Employee Training Offers Huge Benefits

Employee Training Offers Huge Benefits

I haven’t been an employee for nearly thirteen years now. As a freelancer I don’t employ staff either. I know a lot of people who do and my own workplace experience confirms my belief that employee training offers huge benefits to staff and the business as a whole.

Employee Training Benefits: The Employee’s Perspective

In the time before freelancing my career path looked very different. I help a senior support management role in the health and social care sector. I’ve always been keen to learn and expand my knowledge base but this was not necessarily something employers felt was important. One manager did and encouraged and pushed and facilitated a number of employee training opportunities, including a counselling qualification. I will always be grateful to that particular manager for realising employee training offers huge benefits because it certainly does. I was promoted, I took on more qualification course and even after leaving the sector to go freelance after starting a family, those benefits continued, as did my thirst for continued self-development.

Qualifications can have all kinds of meaning in the working world. 

Employee Training Benefits: The Employer’s Opportunity

It is important that when considering an employee’s skill set that you look not just at what they can offer you but what you can offer them too. After all, the better trained the people on your payroll are, the better they’re going to be at working in your business. Here’s just a couple of the best qualifications an employer can offer as part of a benefits package; why not think about implementing them within your own company?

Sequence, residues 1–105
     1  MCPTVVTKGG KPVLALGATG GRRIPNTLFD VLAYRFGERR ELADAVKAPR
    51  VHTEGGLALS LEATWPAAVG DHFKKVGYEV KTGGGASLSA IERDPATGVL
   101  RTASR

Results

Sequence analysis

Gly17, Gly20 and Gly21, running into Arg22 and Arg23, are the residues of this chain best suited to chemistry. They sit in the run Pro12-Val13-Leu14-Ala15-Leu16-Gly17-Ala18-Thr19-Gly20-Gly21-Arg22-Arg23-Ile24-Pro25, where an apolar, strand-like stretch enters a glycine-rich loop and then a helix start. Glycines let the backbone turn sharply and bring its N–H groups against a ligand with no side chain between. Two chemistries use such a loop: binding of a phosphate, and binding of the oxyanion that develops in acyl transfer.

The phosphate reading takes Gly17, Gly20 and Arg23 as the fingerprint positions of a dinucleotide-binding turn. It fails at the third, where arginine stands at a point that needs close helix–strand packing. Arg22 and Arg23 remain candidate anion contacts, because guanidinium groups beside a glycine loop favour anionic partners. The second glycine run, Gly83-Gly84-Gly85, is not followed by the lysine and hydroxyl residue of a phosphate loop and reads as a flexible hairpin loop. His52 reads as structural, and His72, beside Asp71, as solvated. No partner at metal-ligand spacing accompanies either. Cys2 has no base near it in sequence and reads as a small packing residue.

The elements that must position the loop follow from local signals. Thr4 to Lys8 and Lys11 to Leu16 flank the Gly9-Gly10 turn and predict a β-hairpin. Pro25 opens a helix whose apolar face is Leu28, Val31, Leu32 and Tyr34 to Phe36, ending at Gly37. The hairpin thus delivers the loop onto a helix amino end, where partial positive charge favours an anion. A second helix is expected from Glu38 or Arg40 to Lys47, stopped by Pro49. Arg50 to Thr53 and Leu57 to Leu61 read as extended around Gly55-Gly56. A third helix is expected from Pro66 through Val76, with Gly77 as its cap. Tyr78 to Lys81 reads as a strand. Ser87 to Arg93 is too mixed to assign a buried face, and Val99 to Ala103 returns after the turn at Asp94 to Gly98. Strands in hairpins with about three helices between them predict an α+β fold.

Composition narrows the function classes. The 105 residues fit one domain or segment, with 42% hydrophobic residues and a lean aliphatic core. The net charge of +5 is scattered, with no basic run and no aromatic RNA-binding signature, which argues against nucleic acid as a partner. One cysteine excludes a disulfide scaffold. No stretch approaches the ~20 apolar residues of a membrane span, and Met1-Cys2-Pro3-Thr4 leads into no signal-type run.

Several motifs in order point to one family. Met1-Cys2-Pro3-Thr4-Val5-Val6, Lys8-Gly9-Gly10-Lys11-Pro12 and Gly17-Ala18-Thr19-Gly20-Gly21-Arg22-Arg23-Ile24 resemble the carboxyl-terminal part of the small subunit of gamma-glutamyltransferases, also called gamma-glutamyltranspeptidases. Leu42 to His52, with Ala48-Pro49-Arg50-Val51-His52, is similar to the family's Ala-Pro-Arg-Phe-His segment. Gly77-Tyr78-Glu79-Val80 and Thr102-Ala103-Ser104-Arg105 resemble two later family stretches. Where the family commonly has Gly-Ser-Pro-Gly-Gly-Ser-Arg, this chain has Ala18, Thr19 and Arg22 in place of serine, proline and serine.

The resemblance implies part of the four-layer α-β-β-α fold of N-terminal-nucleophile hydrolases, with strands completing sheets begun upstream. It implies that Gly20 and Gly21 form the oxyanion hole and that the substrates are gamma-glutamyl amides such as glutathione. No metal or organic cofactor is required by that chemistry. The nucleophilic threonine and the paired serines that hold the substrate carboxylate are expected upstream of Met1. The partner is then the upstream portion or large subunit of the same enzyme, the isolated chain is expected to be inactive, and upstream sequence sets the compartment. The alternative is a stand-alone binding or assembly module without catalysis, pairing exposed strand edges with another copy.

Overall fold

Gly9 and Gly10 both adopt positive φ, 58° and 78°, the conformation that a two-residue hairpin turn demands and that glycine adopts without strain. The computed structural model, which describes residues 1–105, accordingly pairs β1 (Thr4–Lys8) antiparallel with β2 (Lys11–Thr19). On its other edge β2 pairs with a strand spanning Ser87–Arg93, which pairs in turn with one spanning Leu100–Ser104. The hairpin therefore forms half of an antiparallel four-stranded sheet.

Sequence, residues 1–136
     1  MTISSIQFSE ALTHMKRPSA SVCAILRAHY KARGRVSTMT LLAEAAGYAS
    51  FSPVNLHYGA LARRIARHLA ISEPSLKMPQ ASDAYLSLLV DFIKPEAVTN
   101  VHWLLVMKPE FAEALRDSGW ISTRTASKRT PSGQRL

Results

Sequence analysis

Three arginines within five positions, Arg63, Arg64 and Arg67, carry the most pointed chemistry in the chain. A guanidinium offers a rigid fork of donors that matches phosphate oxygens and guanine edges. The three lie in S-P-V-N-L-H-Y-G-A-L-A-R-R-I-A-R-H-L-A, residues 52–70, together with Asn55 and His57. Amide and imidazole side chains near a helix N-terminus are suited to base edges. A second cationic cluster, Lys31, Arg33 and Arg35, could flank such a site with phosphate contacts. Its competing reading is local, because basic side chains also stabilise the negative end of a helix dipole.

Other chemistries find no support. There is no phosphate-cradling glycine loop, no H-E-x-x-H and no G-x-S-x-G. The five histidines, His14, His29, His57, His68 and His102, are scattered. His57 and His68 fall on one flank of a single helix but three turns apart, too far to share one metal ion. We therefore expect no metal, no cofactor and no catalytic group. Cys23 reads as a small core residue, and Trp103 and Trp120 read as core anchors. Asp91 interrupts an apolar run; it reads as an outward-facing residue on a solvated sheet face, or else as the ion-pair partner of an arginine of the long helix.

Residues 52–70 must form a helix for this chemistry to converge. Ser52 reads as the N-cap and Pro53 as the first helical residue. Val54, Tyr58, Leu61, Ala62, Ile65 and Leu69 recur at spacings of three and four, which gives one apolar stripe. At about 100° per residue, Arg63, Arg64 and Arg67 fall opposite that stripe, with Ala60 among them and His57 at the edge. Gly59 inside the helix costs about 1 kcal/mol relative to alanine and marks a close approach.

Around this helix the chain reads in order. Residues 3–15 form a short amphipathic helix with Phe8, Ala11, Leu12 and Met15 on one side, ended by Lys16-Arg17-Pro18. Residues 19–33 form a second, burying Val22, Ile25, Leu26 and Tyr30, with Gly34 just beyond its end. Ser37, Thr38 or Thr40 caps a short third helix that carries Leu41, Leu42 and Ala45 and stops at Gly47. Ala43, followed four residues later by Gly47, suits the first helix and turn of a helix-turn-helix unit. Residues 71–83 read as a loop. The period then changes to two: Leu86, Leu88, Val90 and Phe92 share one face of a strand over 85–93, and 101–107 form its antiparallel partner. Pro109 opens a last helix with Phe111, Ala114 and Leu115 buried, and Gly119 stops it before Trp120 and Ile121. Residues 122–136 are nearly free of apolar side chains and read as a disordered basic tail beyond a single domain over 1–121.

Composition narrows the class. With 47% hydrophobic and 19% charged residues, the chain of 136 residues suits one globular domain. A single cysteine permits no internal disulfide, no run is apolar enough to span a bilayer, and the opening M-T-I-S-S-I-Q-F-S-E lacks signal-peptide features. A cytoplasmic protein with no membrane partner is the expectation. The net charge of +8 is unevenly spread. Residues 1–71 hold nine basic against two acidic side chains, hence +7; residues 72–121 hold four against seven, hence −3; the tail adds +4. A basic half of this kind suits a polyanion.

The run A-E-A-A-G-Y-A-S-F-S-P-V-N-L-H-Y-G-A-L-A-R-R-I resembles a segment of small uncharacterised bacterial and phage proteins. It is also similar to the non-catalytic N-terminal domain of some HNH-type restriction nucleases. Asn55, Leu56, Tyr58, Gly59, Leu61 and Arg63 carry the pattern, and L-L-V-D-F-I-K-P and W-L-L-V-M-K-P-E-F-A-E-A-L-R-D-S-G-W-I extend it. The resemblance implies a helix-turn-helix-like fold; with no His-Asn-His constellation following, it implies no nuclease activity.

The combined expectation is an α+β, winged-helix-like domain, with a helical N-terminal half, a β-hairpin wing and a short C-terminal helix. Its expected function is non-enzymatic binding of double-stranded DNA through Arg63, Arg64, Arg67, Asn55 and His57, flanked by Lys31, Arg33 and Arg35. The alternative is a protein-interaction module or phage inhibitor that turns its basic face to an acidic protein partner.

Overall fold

A Management Program

If you’ve got a junior staff position that’s constantly impressing you with what they do, it’s time to think about taking their qualifications to the next level. You should think about offering them some kind of management training, whether just as an in-house program or as a qualification that can be recognised on a national level.

After all, the more managers you have on site, the better your company is going to run (as long as the business isn’t too “top heavy”. You’re always going to have some kind of senior position available for work that day, even when one of your other managers pulls out, and it helps to share the responsibility of spearheading a small and privately owned business.

A Health and Safety Certification

Whether it’s a first aid course, or just a general health and safety conference or two that you’ve been asked to send your employees along to, knowing how to properly behave in the workplace is one of the best ways an employee will impress an employer. After all, a health and safety certification shows that this person is capable of taking initiative, and taking charge when the opportunity calls for it. It’s a skill in and of itself, and it’s one you should share and share alike.

Some of the top H&S qualifications out there can be found online. For example, you’ve got the website at https://www.questcover.com/health-and-safety/health-and-safety-training/, who base their entire company ethics around helping business owners to help their staff. So make sure you’re looking into offering this kind of training for anyone you take under your wing – it’ll be a great boost to their CV, and it’ll be a wonderful boon for how highly your company rates on the national standards scales.

What About You?

Do you train your staff? Do you give them the opportunity to make waves with their CV, and move up to bigger and better positions in your company? If you do the likelihood is that you will boost motivations, productivity, decrease staff turnover and altogether foster an innovative and progressive work atmosphere. During regular appraisals look at not just what “standard” qualifications you can offer an employee but what more holistic courses you can offer.